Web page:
A quick internet search brings up hundreds of smart toys, but now hackers can get into your sensitive information through your child's toy.
"Most of the time, everybody just pulls it out of the box, connects it to their open network, hands it over to the kid, and they just go to town." Hi-Tex Solutions owner Jason Dragoo said.
If you have your eye on an internet-powered toy, know that hackers have their eyes set on it too. Dragoo says that a lot of information you give to the toy can end up on the manufacturers database, where hackers can get into.
"That database is easily hacked, then all of a sudden your name, your phone number, a GPS-enabled device, the location where your kids are, all that is available online for anyone that wants it." Dragoo explained.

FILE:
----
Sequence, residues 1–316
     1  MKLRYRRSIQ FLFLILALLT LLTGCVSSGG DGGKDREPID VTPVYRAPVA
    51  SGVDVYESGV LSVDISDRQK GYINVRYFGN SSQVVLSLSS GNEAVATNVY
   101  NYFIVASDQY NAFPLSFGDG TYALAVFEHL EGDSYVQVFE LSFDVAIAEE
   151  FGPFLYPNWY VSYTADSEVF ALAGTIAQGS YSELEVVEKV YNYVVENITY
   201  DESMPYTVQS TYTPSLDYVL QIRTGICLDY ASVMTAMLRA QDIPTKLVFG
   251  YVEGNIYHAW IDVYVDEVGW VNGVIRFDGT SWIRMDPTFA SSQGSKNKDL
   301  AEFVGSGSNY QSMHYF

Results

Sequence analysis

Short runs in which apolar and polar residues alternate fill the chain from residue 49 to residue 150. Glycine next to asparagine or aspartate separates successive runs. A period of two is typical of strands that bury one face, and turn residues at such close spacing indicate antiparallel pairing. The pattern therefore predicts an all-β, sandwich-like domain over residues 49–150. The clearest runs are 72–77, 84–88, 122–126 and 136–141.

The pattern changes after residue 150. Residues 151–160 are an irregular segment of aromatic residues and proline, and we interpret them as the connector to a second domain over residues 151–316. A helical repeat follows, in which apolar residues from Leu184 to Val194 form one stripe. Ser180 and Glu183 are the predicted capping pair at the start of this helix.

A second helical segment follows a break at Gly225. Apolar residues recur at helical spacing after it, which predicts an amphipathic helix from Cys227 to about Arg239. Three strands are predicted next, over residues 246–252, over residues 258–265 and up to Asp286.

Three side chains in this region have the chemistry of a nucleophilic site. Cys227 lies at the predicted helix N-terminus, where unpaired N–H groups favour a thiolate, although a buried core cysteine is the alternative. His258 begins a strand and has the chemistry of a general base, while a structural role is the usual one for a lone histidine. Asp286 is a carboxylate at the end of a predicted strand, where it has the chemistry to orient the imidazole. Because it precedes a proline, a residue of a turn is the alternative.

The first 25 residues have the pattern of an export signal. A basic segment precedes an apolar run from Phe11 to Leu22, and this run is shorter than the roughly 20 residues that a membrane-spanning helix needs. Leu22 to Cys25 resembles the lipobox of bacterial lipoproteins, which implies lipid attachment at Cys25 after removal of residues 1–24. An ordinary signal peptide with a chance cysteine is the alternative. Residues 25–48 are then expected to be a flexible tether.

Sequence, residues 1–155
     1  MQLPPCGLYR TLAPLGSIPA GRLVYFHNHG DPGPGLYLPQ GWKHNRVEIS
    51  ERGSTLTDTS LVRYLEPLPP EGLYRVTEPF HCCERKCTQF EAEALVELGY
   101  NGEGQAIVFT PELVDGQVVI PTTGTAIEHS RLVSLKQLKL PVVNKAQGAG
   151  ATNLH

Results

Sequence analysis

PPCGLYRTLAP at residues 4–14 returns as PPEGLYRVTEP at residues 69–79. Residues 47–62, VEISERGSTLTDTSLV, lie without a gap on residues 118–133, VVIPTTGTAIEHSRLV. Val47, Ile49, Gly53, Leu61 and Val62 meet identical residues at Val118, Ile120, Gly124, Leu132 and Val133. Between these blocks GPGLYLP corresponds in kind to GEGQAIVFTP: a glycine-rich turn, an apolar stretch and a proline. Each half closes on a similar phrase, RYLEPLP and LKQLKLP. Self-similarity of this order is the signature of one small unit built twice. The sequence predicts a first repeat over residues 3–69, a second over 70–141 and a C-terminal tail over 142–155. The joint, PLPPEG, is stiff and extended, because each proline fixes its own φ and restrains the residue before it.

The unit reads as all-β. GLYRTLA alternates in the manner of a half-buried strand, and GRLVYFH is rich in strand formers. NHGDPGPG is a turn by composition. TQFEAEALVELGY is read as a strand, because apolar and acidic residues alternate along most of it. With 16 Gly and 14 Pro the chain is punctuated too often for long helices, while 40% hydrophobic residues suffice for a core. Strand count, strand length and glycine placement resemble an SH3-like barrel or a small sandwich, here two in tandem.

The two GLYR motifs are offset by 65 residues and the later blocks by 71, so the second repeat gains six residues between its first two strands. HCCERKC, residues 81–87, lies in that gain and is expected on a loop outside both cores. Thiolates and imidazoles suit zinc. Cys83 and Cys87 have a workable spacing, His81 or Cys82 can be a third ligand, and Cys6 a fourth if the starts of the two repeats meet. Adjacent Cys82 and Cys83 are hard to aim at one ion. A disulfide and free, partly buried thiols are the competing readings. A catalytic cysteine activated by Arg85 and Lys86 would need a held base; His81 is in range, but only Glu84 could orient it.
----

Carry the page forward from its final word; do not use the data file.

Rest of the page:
Toys that ask for your child's birthday, city you live in, or even your favorite color should be on your radar. The more knowledge you give your toy, the greater the chance for hackers to learn more details.
Dragoo suggests changing default passwords before connecting it to your personal home network or smart phone. The less your toy knows about you, the safer you are.
"Making sure that when they're not being played with that the toy is actually turned off,” Dragoo said. “Really, you're providing that instrument a lot of personal information, so just limit the kind of information that you're providing.”